(Continued from left column)
This was the position when the Mayor of Colleville himself arrived on the beach to welcome the invaders. He judged it a suitable occasion to wear a gleaming fireman’s helmet, not unlike an inverted brass coal-scuttle. In such circumstances (as in a nightmare) nothing seemed incongruous.
The 76th Field Regiment landed primarily in support of 8 Brigade. Until they landed the Infantry depended for support upon the Navy and 5 (Independent) R.M. Armoured Support Battery, whose 16 Centaurs with 95-mm. guns would have been available at H plus five minutes, but only 50 per cent managed to get ashore and they could not get in touch with the F.O.O.s. They and the 33rd Field Regiment were grouped under command of Lieutenant-Colonel Mervyn Foster, R.A., the Commanding Officer of the 76th Field Regiment. 33rd Field Regiment normally supported 9 Brigade, the Reserve Brigade. They were therefore able to join first 76th Field Regiment, then, for 185 Brigade’s advance, the 7th Field Regiment, until finally 9 Brigade landed. At that time one battery of the 76th Field Regiment would be in direct support of the 6th Airborne Division, with the remainder of the regiment ” on call” to protect the Orne bridges against enemy counter-attack. The 33rd Field Regiment landed half an hour after the 76th and joined them in action on the beach. Then 185 Brigade came ashore.
INVASION: THE FOLLOW-THROUGH
Three large landing-craft of 185, the Intermediate Brigade were hit before disembarkation, and there were casualties between the beach and the Brigade Assembly Area north of Hermanville. The laden men struggled ashore in four feet of water, clinging to ropes run out to the beach by the Navy But by 11 o’clock the three infantry battalions were assembled inland and ready, and Brigade H.Q. was established in Hermanville. The King’s Shropshire Light Infantry were in the middle, with the Royal Norfolks on the left and the Royal Warwicks on the right. The K.S.L.I. were to mount the tanks of the Staffordshire Yeomanry, from 27 Armoured Brigade, and advance along the main axis to secure Caen as quickly as possible. The Norfolks on the left and Warwicks on the right were to mop up and secure objectives captured by the mobile column. But there was no sign of the Staffordshire Yeomanry, who were caught on the beach, which, so far from being cleared, was becoming more tightly congested as the tide came in. And in the Assembly Area the two most westerly companies of the Warwicks came under accurate machine-gun fire from German positions towards Lion and Cresserons. Lieutenant-Colonel H. O. S. Herdon, their Commander, prepared a plan for attacking these positions, subject to the approval of the Brigade Commander, Brigadier K.P. Smith, O.B.E.
The Brigadier was in an unhappy dilemma: whether to launch the assault on foot or wait for the tanks. The General’s order was that “this advance will be carried out with speed and boldness so that the enemy’s local reserves can be overcome quickly and the Brigade established on its objective ready to meet counterattacks by reserve formations which may develop towards evening on D-day.” The question was whether more speed might not be attained by waiting for the tanks than by committing the troops to an attack on foot. Available intelligence was that on the left the East Yorks were still moving across the open marshy ground under observation and mortar-fire, in their advance on the enemy position Sole behind Riva Bella, that the Suffolks had cleared Colleville without much trouble, as the Commandos had just done some of the work on their way through to the bridges. But the Suffolks had still to attack Morris and Hillman, which stood right in the way of the Norfolk advance.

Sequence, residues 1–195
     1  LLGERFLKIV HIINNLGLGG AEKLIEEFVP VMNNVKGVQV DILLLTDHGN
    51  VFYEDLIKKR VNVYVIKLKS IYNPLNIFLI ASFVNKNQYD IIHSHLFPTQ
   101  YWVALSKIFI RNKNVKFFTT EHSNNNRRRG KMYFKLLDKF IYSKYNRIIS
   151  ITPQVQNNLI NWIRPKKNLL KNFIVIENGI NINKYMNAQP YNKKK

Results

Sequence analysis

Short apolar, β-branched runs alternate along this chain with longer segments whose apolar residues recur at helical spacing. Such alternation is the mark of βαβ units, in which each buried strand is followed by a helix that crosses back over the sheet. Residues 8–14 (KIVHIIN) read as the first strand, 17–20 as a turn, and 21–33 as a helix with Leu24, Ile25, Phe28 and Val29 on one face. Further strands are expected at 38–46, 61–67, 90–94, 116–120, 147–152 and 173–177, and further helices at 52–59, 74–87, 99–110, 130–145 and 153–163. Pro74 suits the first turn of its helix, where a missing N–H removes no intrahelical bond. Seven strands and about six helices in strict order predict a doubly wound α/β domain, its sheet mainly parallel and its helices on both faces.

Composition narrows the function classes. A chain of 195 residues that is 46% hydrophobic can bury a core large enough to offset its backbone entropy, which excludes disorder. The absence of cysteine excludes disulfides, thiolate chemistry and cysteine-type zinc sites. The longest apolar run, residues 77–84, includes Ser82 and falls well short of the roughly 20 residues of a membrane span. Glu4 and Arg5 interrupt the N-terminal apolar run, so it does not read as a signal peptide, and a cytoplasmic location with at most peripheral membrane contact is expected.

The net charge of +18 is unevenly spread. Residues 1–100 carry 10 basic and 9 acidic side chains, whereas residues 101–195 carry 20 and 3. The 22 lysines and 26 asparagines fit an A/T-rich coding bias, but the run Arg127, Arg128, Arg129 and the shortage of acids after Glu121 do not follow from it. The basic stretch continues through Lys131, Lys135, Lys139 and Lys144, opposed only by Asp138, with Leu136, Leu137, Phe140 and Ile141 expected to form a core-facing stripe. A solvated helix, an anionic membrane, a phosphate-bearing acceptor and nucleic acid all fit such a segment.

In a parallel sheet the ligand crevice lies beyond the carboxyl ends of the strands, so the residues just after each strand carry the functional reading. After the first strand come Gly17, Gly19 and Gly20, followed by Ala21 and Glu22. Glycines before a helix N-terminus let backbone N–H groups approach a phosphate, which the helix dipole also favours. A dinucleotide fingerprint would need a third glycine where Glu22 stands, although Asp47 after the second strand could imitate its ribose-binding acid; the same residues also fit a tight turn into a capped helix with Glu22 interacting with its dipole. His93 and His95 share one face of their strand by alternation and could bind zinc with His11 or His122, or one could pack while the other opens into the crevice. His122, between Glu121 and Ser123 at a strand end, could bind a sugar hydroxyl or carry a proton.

At midday Lieutenant-Colonel F. J. Maurice, commanding the K.S.L.I., reported to Brigadier Smith that only about one and a half squadrons of the Stafford Yeomanry were clear of the beaches, and that a large minefield apparently covered the right flank of Hermanville across the axis of advance originally planned for the tanks. They could not leave the road on account of the bog and were consequently nose to tail and all stationary whenever there was a hold-up ahead. Brigadier Smith therefore ordered the K.S.L.L to advance on foot along the main axis, Hermanville-Beuville-Caen, immediately, the Stafford Yeomanry to “marry-up” as soon as possible. The Norfolks were to wait in Colleville, to pass through the Suffolks as soon as Morris and Hillman were clear.
Lieutenant-Colonel N. P. H. Tapp, R.A., was at this “Order Group.” He had been watching his regiment, the 7th Field Regiment, as, shortly after beaching, they roared past Hermanville cross-roads to deploy just to the south in the open fields, and just in front of the South Lancs, the southernmost infantry in the area. The infantry, feeling the strain and reaction from their first attacks on the beach positions, were surprised, relieved, and greatly cheered at this spectacle. In the Colonel’s words: “I do not know if the Gunners knew they were the foremost troops at that time. They were probably better disposed to enjoy the honour in retrospect! I grew more and more cheerful as I counted the guns and vehicles going past, *15* and by 12 o’clock was able to say to the Brigadier: ‘The 7th Field Regiment is in action with all its assault vehicles and ready to support its affiliated tanks and infantry.'”